It was a photo finish, but the team developing PlayerUnknown’s Battlegrounds made good on their promise and “launched” the game before the end of 2017. During an interview last week, I spoke to Brendan “PlayerUnknown” Greene about what’s next.

Throughout our conversation, Greene repeatedly stressed that the team views 1.0 as “the end of the beginning.” This means that the game’s basic features are in, but Greene’s not harboring any delusions that they’re in tip-top shape just yet. Priority number one, then, is additional polish.

“It does have problems,” Greene said over the phone. “There are crashes still. There’s some rubberbanding. But these are problems we’re working to fix. It’s a marathon for us.”

Rubberbanding, where the server suddenly slings you forward or back in defiance of the space-time continuum, is annoying for many players, and it exemplifies the sorts of issues the PUBG team is working to weed out. Greene explained that it’s gonna “take time” to fully fix rubberbanding, as the team still isn’t entirely sure what causes it. It seems to be “a core issue with Unreal’s netcode,” but that could mean a number of things. And so, while it might be tempting to look at PUBG’s most pernicious problems and ask why Greene can’t wave a magic wand to instantly banish them, they’re often more complicated than they seem.

The PUBG team’s other big 2018 priority is to kit the game out with a suite of out-of-match features that rival other popular shooters. For Greene, this means systems like character leveling and some sort of ranked play—things that “make you feel more connected to your character.” The latter is actually something the team has already tested, albeit with subtle “backend” matchmaking rating systems during early access.


The game will also get more cosmetic items, and while fashion is a key part of any island or wasteland bloodsport, these items present problems of their own. When I asked Greene about the nascent gambling scene that’s already popped up around PUBG, he said CSGO-esque gambling “concerns” him, but there’s only so much he can do. “We can’t really control what happens in gray markets,” he said. “Stuff like this will happen no matter what we do. We want to make sure the system we release is fair and works for the Steam Marketplace.”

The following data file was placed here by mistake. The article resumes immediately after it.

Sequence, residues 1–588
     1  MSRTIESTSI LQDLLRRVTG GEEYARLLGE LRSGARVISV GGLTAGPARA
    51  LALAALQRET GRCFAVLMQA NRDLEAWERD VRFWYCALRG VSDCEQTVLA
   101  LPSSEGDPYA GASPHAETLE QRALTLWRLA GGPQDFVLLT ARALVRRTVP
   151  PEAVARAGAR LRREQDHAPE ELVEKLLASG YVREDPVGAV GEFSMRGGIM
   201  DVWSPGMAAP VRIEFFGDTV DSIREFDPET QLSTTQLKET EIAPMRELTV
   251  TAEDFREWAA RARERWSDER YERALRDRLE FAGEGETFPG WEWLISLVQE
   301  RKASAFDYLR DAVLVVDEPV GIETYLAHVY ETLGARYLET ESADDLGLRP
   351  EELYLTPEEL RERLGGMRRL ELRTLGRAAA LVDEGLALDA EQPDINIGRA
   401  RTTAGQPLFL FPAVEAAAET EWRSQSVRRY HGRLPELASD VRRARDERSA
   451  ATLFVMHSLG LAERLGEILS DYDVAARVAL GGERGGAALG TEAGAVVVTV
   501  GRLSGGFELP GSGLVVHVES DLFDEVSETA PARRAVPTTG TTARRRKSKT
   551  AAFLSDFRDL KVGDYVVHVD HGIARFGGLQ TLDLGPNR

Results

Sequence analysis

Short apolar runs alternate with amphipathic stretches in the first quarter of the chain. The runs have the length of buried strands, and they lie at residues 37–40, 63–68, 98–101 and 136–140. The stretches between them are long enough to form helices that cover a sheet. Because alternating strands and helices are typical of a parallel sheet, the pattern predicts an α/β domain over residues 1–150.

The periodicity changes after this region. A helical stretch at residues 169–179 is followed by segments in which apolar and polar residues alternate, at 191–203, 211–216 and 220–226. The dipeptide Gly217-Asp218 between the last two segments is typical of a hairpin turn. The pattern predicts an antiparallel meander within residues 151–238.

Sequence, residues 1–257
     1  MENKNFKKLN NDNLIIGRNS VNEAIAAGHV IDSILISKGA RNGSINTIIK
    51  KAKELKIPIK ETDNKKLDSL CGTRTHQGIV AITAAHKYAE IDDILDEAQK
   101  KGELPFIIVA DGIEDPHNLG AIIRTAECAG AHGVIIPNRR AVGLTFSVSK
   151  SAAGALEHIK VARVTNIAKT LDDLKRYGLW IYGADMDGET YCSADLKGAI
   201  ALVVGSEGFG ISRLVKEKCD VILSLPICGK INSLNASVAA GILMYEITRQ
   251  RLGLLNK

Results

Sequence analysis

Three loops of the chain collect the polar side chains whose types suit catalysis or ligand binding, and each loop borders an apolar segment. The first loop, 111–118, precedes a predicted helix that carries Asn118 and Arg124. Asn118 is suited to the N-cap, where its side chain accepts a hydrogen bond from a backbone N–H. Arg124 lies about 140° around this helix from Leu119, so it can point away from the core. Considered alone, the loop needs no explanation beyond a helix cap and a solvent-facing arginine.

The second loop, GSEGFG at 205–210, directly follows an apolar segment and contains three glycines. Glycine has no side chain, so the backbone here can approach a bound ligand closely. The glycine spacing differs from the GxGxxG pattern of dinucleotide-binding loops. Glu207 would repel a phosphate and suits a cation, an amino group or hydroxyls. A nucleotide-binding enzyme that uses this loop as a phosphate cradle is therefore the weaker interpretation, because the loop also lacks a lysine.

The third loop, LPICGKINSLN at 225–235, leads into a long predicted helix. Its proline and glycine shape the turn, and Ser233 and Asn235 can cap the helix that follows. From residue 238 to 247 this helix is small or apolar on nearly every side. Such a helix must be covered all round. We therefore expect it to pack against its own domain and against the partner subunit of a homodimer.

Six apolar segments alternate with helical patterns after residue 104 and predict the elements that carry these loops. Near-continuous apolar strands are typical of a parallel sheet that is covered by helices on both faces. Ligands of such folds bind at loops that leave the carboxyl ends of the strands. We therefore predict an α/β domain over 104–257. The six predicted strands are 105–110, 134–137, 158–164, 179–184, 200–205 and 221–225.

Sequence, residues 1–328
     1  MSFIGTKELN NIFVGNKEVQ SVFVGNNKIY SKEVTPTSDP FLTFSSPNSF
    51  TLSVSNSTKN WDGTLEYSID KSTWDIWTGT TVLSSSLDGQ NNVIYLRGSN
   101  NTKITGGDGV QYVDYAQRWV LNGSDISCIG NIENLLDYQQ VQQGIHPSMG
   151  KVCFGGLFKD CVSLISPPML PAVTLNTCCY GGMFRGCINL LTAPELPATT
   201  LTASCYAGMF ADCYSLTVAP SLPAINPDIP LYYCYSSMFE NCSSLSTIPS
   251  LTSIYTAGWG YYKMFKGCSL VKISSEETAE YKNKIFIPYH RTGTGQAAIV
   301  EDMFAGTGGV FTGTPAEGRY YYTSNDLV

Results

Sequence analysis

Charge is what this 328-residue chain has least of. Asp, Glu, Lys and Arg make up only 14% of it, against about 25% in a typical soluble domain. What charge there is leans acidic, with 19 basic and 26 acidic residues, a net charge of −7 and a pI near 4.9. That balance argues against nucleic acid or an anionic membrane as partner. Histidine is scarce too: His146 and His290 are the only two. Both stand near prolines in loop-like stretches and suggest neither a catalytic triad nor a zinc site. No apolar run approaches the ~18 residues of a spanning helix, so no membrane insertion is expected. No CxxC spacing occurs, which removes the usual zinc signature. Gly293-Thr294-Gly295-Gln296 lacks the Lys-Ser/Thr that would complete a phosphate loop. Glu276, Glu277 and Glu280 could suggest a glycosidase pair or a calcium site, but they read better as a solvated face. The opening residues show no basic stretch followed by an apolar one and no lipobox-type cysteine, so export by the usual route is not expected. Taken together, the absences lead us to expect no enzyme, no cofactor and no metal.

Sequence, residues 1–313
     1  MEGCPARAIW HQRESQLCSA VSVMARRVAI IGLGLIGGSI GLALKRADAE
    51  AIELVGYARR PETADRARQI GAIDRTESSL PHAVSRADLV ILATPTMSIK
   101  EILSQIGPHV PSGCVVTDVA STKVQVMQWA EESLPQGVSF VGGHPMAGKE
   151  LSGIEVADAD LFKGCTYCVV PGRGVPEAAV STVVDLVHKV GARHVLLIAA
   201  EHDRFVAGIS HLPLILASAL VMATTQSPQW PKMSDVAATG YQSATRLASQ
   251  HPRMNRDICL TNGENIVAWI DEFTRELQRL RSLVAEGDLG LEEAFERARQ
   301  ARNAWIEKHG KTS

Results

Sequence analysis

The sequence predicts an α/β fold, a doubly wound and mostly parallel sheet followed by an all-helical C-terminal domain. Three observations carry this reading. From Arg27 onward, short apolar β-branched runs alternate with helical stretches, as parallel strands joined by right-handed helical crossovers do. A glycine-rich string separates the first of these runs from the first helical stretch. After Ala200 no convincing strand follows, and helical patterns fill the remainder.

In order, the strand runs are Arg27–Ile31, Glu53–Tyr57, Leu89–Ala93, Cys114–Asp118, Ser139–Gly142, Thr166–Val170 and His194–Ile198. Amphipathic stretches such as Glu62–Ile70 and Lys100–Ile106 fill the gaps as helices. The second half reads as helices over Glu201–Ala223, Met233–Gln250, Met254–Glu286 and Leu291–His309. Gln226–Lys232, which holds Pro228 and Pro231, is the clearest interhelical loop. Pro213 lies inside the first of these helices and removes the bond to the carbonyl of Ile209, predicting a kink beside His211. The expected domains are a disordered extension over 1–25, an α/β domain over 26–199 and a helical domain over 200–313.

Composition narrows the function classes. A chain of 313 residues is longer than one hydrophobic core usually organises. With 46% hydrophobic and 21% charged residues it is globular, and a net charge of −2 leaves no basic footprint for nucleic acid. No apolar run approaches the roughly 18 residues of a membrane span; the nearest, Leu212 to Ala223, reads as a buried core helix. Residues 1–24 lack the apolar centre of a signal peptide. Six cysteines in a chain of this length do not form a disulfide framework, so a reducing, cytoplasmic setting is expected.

There’ll also be a focus on gameplay balance with an eye toward getting the game “competitive” and potentially esports-ready. Greene said he feels that PUBG is “already pretty competitive,” but with major systemic and polish concerns under control, the team can now “look at all that data again” and really hone the game balance.


Further out, Greene wants to give people more ways to play, but he told me those things are only in the planning stages at the moment. Most obviously, that’ll likely mean more maps. Desert map Miramar offers a very different experience from the game’s first map, with an increased focus on verticality and structural variety. Greene hopes to continue diversifying the game’s maps.

“We want to provide new and unique battlegrounds for our players to play on,” he said. “We won’t necessarily definitely go down the road of ‘oh, this has to be different.’ Wherever we get inspiration from or a thematic idea for a map, we’ll consider it. But it is important to give players these kinds of new and interesting terrains to play on.”

Greene also hopes to facilitate the creation of new battlegrounds (from players who are actually unknown), but despite his hopes of eventually fostering a mod scene that will birth the next PUBG, the game will probably only receive custom map functionality in the near future.


“To add actual modding to the game is a huge task,” Greene said. “It means re-factoring a lot of the code base we have to make it mod-friendly. It means doing a lot of stuff to the game that we just don’t have time to do right now. Until then, we want to let people mod lite with custom games. We want to give pretty fine grain control over what you can control in the game with a UI panel or what have you. So you can’t really mess with the core code, but you can create your own game modes and make unique things using our game as a platform.”

For now, though, Greene reiterated that the game needs to be fully functional and firing on all cylinders before any of that can happen. “We’re trying to build a competitive game here for a future possible esport or a platform on which esports can happen,” he said. “That’s our priority here: to get the game competitive, stable, and crash-free.”

You’re reading Steamed, Kotaku’s page dedicated to all things in and around Valve’s wildly popular PC gaming service. Games, culture, community creations, criticism, guides, videos—everything. If you’ve found anything cool/awful on Steam, send us a message to let us know.


Please enter your comment!
Please enter your name here